The JCT DB 2016 now makes provision for the contractor to give security in relation to the contractor’s performance, either by way of performance bond or parent company guarantee, the relevant selection being made in the Contract Particulars. The parties are free to agree the actual forms to be used.

Collateral warranties and third party rights

JCT DB 2016 provides an option for a sub-contractor to grant third party rights in place of collateral warranties to funders, purchasers or tenants. This change reflects the increased use of third party rights in recent years, although care needs to be taken when using third party rights to protect the funder’s position on step-in.

As mentioned above, the JCT DB 2016 retains provisions requiring the use of third party rights or collateral warranties but these particulars are found in “Rights Particulars” set out in a separate document. A model form of the Rights Particulars can be found in the Design and Build Contract Guide 2016 or from the JCT website. We anticipate that for most employers will still seek to amend these provisions.

Net contribution

It is likely on large projects that employers will continue to use their own forms of collateral warranty and third party rights. For those parties using the JCT forms these now include a net contribution clause.

In the past, the JCT has taken the view that net contribution clauses were not appropriate for use with the Design and Build contract because the contractor had overall responsibility for the design under the contract. The JCT state in the Design and Build Guide that the introduction of the net contribution clause is necessary as there may be circumstances where the employer’s consultants could be held jointly liable with the contractor in respect of a design defect, particularly where the Employer retains responsibility for the Employer’s Requirements under clause 2.11 (subject to certain limited exceptions).

In practice, clause 2.11 is typically amended by employers to provide that the contractor takes full responsibility for the design set out in the Employer’s Requirements, and in such circumstances, net contribution provisions in a third party rights schedule or collateral warranty would be generally inappropriate.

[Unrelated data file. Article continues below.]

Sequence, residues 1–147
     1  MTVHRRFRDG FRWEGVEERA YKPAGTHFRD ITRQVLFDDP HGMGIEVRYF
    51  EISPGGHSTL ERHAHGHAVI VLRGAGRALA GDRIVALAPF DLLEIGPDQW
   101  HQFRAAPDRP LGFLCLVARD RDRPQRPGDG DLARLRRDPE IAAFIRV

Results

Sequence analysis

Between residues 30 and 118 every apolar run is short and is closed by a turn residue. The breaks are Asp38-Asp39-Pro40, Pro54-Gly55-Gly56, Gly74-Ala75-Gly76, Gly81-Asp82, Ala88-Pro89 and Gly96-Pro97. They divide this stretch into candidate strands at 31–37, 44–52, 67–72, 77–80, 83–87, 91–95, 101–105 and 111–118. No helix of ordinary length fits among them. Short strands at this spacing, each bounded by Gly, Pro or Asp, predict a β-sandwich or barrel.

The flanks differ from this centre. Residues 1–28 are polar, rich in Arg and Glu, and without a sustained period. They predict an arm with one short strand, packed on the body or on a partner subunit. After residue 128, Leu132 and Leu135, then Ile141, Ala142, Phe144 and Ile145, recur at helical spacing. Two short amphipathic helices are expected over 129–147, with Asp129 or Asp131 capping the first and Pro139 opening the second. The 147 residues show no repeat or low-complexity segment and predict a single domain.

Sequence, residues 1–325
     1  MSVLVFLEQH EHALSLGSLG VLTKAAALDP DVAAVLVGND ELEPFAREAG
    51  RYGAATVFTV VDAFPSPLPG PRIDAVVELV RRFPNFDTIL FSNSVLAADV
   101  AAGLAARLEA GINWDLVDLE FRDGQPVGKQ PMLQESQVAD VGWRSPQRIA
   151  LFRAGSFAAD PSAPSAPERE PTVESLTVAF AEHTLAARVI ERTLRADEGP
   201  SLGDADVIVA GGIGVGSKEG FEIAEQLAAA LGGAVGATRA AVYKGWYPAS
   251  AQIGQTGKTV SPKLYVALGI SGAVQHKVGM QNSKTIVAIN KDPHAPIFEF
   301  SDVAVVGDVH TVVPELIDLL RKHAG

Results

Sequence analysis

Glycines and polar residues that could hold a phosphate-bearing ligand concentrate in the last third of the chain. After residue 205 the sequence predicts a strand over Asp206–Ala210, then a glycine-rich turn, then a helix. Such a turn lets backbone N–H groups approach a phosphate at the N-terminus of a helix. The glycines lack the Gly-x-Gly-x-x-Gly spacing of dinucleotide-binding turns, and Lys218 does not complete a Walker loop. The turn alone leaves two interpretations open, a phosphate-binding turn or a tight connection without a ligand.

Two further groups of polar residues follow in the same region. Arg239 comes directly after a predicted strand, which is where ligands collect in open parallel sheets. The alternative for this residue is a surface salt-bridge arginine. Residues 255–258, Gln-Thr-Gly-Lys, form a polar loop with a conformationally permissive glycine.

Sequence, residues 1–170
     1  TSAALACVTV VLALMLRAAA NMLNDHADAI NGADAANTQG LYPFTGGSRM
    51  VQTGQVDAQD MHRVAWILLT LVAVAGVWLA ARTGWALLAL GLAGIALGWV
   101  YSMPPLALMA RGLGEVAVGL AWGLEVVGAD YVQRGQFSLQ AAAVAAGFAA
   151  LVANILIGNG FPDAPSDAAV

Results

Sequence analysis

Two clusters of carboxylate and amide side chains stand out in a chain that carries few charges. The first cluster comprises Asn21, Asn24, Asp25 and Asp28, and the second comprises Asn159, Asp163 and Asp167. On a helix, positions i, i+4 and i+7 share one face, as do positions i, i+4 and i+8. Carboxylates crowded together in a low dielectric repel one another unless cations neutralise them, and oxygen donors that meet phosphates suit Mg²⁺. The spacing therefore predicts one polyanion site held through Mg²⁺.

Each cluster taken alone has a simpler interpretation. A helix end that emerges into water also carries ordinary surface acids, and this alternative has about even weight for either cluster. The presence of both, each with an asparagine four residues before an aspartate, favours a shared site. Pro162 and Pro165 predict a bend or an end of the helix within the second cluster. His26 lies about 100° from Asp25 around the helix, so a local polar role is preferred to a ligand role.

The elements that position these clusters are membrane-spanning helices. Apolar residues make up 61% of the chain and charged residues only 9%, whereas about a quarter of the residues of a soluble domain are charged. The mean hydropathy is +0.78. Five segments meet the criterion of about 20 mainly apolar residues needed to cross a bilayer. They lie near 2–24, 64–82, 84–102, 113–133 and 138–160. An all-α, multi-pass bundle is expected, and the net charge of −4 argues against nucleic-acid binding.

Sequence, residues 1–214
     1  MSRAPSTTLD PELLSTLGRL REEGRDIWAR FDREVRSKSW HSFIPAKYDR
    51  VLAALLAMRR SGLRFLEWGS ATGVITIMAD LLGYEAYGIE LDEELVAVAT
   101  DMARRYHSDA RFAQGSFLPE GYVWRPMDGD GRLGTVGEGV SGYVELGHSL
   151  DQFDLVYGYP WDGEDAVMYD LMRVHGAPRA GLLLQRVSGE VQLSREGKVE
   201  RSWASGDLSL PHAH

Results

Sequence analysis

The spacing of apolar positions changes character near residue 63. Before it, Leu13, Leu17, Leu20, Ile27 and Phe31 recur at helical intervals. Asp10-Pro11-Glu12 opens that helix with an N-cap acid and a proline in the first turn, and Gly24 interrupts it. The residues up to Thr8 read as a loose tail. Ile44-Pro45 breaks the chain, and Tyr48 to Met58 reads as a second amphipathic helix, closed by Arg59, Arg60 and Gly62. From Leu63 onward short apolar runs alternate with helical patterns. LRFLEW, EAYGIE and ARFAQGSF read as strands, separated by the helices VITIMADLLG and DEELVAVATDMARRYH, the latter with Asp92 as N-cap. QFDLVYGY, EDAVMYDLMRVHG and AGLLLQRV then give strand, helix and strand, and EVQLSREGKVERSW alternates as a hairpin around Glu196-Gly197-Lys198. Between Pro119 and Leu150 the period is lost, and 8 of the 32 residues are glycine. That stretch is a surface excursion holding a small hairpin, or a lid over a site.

Insurance

The insurance provisions have been simplified by stripping out some of the repetition in the schedules and putting that into the body of section 6. For example, the provisions relating to evidence of insurance are contained in clause 6.12 and provisions dealing with insurance claims and reinstatement are found in clause 6.13.

In addition, the JCT has recognised that there is sometimes a difficulty with securing insurance for Existing Structures, for example, to cover a tenant employer’s fit-out works or refurbishment works, where there is also an insuring landlord. The Contract Particulars and Insurance option C.1 allows alternative bespoke solutions to insuring the Existing Structures to be entered into and details of such insurance would be added as Option C1, Replacement Schedule. The parties will need to take specific insurance advice on this issue.

Other changes in the JCT DB 2016 include:

Construction (Design and Management) Regulations 2015

As expected the JCT DB 2016 has been updated to reflect the role of the Principal Designer in place of the CDM Co-ordinator introduced under the CDM Regulations 2015. These provisions were previously dealt with by Amendment 1 to the JCT 2011.